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Award-winning Videos Showcase Tech 'Transformers'
04.13.12
 
The award ceremony begins inside the Rocket Garden at Kennedy Space Center Visitor Complex

Image above: Darryl Mitchell, NASA's project manager for the NASA OPTIMUS PRIME Spinoff Video Contest, addresses students and teachers in the Rocket Garden of the Kennedy Space Center Visitor Complex. Photo credit: NASA/Jim Grossmann
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Peter Cullen speaks to students and teachers

Image above: Peter Cullen, the voice of OPTIMUS PRIME, addresses students and teachers at the ceremony. Photo credit: NASA/Jim Grossmann
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The students who produced three award-winning videos took home trophies -- and met the actor who gives voice to a heroic robot in disguise -- at the NASA OPTIMUS PRIME Spinoff Video Contest awards ceremony on April 12 at the Kennedy Space Center Visitor Complex in Florida.

"You are the Galileos, the Newtons. You are the adventurers who will build the dreams," said Peter Cullen, the longtime voice of OPTIMUS PRIME, who attended the ceremony and answered questions for the students gathered at the complex's Rocket Garden. "You are the future, and I am proud of you all."

The winning videos are "Eagle Eyes Ultraviolet-blocking lens protect, enhance vision," "A Beautiful Earth, with the Help of Micro-Organisms" and "NASA Vid 2012." Winners received cash awards or scholarship money, as well as the NASA OPTIMUS PRIME trophy etched with the image of the popular TRANSFORMERS leader.
› View all contestants' videos

NASA's spinoff technologies are innovations originally designed for spaceflight, but transformed into products that improve daily lives.

Now in its second year, the OPTIMUS PRIME Spinoff Video Contest asks students in grades three through 12 to study NASA spinoff technologies and produce short, creative videos promoting their favorites.

"I've been sent out around the country to find some of the smartest, most talented, creative (school-age) kids in the nation to see if any of them might one day want to be a future scientist or astronaut or engineer," said Jim Stofan, NASA's deputy associate administrator for Education.

The first person to walk on Mars is probably between fourth and eighth grade today, according to Stofan, who asked for a show of hands from students in those grade levels. "One of you might be the person who actually sets the first step on Mars."

The contest, run by NASA Goddard Space Flight Center's Innovative Partnerships Office in Greenbelt, Md., is designed to help students see the benefits of NASA technology here on Earth. NASA collaborated with Hasbro in using the company’s iconic OPTIMUS PRIME character.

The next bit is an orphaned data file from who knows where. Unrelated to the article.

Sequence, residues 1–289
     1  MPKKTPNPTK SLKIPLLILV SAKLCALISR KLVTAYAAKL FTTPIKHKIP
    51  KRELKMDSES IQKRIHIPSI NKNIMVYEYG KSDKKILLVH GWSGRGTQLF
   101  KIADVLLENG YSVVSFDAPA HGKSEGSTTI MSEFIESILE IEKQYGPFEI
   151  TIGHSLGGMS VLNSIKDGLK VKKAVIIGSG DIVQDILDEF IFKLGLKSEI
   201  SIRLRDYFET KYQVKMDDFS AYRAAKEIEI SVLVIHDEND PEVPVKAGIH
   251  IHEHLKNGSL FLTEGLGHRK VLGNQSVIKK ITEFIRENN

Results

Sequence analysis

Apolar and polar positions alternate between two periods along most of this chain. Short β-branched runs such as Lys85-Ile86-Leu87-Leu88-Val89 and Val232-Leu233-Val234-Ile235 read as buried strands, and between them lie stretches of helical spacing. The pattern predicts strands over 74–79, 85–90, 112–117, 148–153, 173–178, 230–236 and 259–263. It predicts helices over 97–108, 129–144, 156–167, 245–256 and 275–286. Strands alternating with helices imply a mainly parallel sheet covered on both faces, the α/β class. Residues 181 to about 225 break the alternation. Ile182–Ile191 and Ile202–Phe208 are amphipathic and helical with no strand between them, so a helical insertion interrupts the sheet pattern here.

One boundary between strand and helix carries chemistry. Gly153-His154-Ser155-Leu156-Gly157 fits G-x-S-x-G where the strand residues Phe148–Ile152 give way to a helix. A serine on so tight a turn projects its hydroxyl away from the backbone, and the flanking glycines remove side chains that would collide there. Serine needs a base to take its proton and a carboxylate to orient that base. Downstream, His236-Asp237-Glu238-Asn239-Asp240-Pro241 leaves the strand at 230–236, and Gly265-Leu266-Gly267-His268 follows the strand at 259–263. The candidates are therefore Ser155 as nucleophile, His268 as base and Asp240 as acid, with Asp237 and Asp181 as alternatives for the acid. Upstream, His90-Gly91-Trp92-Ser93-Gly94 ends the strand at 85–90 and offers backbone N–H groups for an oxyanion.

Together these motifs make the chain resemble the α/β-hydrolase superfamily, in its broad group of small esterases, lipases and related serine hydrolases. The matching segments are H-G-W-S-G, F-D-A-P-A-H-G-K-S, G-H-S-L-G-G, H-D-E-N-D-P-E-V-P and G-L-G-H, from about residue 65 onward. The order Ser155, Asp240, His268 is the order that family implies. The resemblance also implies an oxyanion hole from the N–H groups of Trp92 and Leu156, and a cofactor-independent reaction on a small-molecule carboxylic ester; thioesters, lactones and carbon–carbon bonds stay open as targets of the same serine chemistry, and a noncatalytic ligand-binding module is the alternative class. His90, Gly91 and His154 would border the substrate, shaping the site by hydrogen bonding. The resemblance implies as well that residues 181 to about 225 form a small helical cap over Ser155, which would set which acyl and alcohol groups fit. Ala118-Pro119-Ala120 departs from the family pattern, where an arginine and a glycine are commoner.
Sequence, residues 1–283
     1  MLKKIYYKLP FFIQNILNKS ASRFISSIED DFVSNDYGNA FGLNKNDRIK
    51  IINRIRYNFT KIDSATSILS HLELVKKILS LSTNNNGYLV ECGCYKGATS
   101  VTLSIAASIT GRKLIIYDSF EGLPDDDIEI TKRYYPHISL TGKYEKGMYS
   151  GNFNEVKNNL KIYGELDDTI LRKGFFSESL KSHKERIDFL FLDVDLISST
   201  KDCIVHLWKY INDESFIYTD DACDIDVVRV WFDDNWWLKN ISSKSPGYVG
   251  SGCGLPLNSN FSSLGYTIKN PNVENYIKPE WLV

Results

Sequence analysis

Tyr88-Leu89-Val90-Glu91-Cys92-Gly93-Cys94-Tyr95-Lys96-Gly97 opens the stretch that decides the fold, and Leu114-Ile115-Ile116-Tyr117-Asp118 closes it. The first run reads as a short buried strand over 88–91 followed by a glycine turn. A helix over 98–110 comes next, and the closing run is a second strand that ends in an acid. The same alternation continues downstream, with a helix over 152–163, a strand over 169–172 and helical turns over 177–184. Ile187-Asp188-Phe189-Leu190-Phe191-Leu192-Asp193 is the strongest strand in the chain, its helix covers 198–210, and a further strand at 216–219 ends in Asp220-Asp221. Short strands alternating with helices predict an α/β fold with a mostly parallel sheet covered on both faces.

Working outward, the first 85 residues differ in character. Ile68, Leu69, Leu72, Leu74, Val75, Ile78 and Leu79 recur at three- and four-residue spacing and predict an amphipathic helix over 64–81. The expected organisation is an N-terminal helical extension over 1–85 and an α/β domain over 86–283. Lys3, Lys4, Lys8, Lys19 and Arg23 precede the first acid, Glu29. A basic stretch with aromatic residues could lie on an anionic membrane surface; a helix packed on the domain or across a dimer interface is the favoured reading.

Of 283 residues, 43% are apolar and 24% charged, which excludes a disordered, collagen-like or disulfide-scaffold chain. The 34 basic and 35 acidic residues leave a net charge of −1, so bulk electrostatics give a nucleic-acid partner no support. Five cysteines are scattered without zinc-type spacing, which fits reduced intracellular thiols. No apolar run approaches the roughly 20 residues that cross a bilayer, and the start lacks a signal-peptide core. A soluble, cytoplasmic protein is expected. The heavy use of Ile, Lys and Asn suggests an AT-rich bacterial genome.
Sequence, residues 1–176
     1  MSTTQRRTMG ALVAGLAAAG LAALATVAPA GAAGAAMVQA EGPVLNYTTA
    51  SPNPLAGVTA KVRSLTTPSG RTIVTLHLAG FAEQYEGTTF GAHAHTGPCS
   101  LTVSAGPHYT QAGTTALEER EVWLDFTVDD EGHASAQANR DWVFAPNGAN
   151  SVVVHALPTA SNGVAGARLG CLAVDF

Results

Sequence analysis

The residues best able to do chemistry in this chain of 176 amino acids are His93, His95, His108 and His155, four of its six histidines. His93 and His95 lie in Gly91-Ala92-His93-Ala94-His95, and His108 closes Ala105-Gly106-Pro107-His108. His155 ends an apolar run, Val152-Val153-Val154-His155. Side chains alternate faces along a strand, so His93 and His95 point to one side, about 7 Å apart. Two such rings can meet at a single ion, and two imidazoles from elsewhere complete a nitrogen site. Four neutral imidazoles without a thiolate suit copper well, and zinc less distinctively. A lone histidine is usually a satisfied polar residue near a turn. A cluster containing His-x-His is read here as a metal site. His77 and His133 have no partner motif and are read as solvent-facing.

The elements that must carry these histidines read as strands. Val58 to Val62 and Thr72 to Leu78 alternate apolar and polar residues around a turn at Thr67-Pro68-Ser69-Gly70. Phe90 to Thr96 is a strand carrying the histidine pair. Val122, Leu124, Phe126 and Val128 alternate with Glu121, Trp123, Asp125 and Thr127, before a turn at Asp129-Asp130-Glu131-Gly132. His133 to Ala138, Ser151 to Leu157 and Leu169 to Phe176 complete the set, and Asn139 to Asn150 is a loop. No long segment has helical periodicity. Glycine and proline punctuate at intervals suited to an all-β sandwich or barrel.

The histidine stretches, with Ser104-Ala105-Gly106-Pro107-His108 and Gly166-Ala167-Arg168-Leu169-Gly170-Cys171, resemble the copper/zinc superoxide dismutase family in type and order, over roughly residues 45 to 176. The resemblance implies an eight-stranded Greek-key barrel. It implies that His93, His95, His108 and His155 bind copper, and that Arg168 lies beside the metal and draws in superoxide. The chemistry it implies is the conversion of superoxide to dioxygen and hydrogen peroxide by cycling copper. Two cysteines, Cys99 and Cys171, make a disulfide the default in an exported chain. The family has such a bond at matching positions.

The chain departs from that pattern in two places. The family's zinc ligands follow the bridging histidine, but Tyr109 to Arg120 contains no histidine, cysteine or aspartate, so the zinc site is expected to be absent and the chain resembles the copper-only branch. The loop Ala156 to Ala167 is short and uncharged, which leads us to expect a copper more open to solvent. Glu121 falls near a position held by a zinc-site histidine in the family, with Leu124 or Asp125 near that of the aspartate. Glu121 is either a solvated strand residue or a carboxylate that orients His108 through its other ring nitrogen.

Students provided their completed videos to NASA, which posted them on YouTube, where members of the public could vote for the best productions. NASA judges select winners from the top five videos in each age group: grades three to five, six to eight and nine to 12.

So, what's the connection with OPTIMUS PRIME, leader of the AUTOBOT warriors in the fictional world of the TRANSFORMERS? Like NASA's spinoff technologies, OPTIMUS PRIME was built for space, but changes into something useful while on Earth -- in his case, a slick, armored semi-truck.

Cullen has provided the voice of OPTIMUS PRIME since the television cartoon's inception in 1984, and his history with the character extends to all three live-action movies and the current computer-animated television series from Hasbro Studios, "Transformers: Prime" airing on the Hub TV Network.

"You have shown rare skill in illustrating the innovations of the men and women at NASA," said OPTIMUS PRIME in an animated message for students. "You have inspired fellow humans to seek out new solutions to the problems you face. You are heroes."

Space shuttle astronauts Jon McBride and Wendy Lawrence also celebrated with the winners and emphasized the importance of education in their own lives and in the eventual careers of today's students.

"When I was 10 years old, we did one of the most remarkable things in the space program -- which was to put humans on the moon for the first time -- and that had a profound impact on the direction of my life," Lawrence said. "The key to making a dream like that come true is doing exactly what you're doing now. Staying in school and getting that good education -- that truly is going to be the foundation you build the rest of your life on."

TRANSFORMERS, AUTOBOT, and OPTIMUS PRIME are trademarks of Hasbro and used with permission. © 2012 Hasbro. All rights reserved.
 
 
Anna Heiney
NASA's John F. Kennedy Space Center